Tests of the standard (30 hz) NCER FM multiplex telemetry system, augmented by two timing channels and a compensation reference signal, used to record multiplexed seismic network data on magnetic tape

Open-File Report 76-374




The application of subtractive compensation to USGS seismic magnetic tape recording and playback systems was examined in a recent USGS Open-file report (1). It was found, for the standard (30 Hz) NCER multiplex system, that subtractive compensation utilizing a 4688 Hz reference signal multiplexed onto each data track was more effective than that utilizing a 3125 Hz reference signal recorded separately on a different track. Moreover, it was found that the portion of the spectrum between the uppermost data channel (3060 Hz + or - 125 Hz) and the compensation reference signal (4688 Hz) could be used to record an additional timing signal, with a center frequency of 3700 Hz and a broader playback bandwidth (ca 0 to 100 Hz) than that of the standard data channels. Accordingly, for the tests described in that report, the standard 8-datachannel multiplex system was augmented by one additional timing channel with a center frequency of 3700 Hz. The 3700 Hz discriminator used in those tests was not successfully set up to utilize subtractive compensation; so its output from a tape playback was quite noisy. Subsequently, further tests have been carried out on the application of subtractive compensation to a 4-channel broad-band multiplex system and to the standard multiplex system, both recorded on field tape recorders with relatively poor tape speed control (2), (3). In the course of these experiments, it was discovered that two separate timing channe1s, not just one, can be inserted between the uppermost data channel and the compensation reference signal, Furthermore, it was possible to adjust the discriminators used to playback these timing channels so that they profited significantly from subtractive compensation even though the playback bandwidth was 0 to 100 Hz (for short rise times of square wave timing signals). The advantages of recording two timing signals on each data track include: 1) one standard time signal to be used for critical timing, e.g. IRIG E, can be recorded with the data on each track, eliminating any problem that might arise from tape head misalignment if the timing base were recorded on a separate track from the data signals being timed, 2) other essential timing signals e.g. WWVB and IRIG C, can each be recorded on several tracks, to insure more reliable recording through redundancy, without displacing data from standard data channels, 3) the broader playback bandwidth of the special timing channels reproduces the sharp-edged timing codes with much less distortion than is obtained from the standard data channels. In order to implement subtractive compensation with the 4688 Hz multiplexed signal and to record timing signals on the proposed special timing channels, it was necessary to design and build a signal generator/multiplexer unit. The functions of this unit are: 1) generate a stable (x-tal controlled) compensation reference frequency (4688 Hz), 2) generate two timing channel subcarriers (3500 Hz and 3950 Hz) and provide for their modulation by appropriate timing signals, 3) separately, for each of th~14 tape tracks, adjust the relative levels of the timing and compensation subcarriers and multiplex them, at the appropriate level, with the incoming multiplexed data signals for introduction to the tape system direct record amplifiers. These units will be described in detail by Gray Jensen, who designed and built them, as well as being shown diagrammatically in this report. This report continues the work described in reference (1), and it should be read as a supplement to that report rather than as an independent effort. It introduces changes in the multiplex system and test circuits employed in the tests and then repeats the tests from the earlier report that are required to illustrate the characteristics of the modified system.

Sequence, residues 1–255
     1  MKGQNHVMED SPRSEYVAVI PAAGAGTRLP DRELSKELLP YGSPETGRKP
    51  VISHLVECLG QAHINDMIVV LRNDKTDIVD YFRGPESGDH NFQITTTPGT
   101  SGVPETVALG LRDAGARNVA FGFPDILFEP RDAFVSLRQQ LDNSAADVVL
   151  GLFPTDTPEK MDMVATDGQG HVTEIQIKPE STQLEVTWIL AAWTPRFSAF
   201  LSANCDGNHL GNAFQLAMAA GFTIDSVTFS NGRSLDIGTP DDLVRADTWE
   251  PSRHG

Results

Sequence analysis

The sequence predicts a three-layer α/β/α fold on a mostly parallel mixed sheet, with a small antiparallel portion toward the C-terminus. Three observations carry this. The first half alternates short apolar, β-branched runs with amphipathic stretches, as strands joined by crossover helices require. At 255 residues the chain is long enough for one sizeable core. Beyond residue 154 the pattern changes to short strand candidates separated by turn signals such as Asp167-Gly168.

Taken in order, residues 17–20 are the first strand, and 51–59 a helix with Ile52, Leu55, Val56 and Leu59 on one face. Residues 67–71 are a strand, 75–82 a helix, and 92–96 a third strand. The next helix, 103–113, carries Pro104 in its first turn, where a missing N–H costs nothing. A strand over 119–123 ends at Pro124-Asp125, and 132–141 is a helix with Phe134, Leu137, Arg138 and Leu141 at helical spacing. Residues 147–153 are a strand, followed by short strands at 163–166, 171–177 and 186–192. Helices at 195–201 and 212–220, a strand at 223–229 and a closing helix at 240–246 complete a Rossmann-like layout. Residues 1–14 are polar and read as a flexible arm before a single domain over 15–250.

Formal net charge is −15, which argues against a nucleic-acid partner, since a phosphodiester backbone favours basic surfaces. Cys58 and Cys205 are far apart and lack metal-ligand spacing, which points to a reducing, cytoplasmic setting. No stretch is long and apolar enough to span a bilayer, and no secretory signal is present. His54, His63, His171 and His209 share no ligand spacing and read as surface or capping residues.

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Tests of the standard (30 hz) NCER FM multiplex telemetry system, augmented by two timing channels and a compensation reference signal, used to record multiplexed seismic network data on magnetic tape
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Open-File Report
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U.S. Geological Survey, 1976
1 v. (various pagings) :ill. ;28 cm.; (30 p. - PGS)